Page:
“Every company is already at work,” write Yvon Chouinard & Vincent Stanley in The Responsible Company, “to dismantle a creaky, polluting, wasteful, and increasingly expensive industrial system.” Here’s hoping! Naturally some are trying harder than others, like Patagonia which Chouinard founded with his trusty co-author by his side. Their book is a slim, spirited guide to doing the right thing, a sort of Hippocratic Oath for producers in the consumerist economy. If as a society we cannot cure our bottomless desire for more and more cheap stuff – and if indeed corporations will forever chase growth and ever higher earnings-per-share targets – then the only healthy path forward is the one where the collective we no longer take more from nature than can be replaced. Our assignment (should we choose to accept it) is a procurement two-step: stop buying crap while making positive, incremental changes in building sustainable processes.
A book such as this cannot avoid being somewhat preachy and the cynical reader might view it as a bound collection of humble brags (printed on 100% post-consumer waste recycled paper – duh). No matter. When you exceed $1B in annual revenue while making sustainability a guiding edict, surely pontification is a right well earned. The authors recognize subservience to stockholders as a harsh reality for many but admonish that we ought to be more beholden to stakeholders: employees, customers, communities, and nature. Effective business leaders accept that “stockholders still get first dibs and last, but their return relies on the cooperative productivity of the other groups.” In summary, to employees be attentive and open; to customers, transparent and accountable; to the community, supportive and philanthropic; and to nature, thoughtful and regenerative. If you’re seeking a place to start, ensuring that your team looks forward to clocking in to perform a meaningful role at a living wage in a welcoming environment seems an appropriate leaping off point.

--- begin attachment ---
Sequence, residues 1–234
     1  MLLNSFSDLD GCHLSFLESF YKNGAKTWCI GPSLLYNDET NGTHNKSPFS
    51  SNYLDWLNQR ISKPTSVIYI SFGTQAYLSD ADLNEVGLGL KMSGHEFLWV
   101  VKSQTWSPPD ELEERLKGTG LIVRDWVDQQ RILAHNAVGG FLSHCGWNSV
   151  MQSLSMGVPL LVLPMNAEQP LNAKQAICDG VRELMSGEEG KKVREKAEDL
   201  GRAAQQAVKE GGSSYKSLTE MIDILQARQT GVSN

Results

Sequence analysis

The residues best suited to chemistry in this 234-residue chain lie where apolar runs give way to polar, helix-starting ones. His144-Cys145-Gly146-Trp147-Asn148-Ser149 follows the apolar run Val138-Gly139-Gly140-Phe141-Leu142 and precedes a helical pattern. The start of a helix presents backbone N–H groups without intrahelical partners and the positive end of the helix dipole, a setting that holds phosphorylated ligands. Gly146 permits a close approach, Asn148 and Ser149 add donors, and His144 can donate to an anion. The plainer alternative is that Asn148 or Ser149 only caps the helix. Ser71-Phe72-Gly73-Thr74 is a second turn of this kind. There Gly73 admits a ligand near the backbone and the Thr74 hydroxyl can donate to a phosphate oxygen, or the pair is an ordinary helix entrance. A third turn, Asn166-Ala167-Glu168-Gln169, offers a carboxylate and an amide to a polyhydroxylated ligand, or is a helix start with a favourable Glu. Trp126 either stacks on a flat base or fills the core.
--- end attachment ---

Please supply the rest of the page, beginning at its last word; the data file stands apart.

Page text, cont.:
Among other memorable nuggets, Chouinard & Stanley opine that historical 3% GDP growth cannot be sustained without further trashing the planet. Too much of the garbage we load up on in a 70% consumption economy is made of “something taken from a forest or a river or the soil that cannot be replaced faster than we deplete it” and just do the existential math while Mother Nature’s pocket watch is tick-tick-ticking away the moments that make up a dull day. Particularly helpful is an Appendix jammed with checklists covering business health to energy conservation to water & waste reduction. Doubtless the Travel and Commuting tip suggesting that videoconferencing facilities “work properly and that employees are trained in their use” will spark more pandemic-era eye rolls than appreciation. Alas. It’s a useful call to arms with perhaps only one omission: A Breakroom Shitheads Clause. At the risk of making a presumptuous overstep, I’ll take a shot at it. “Dear Breakroom Shitheads, plz learn to compost n’ recycle. Thx.” Feel welcome to use it for your company’s Step One toward sustainability.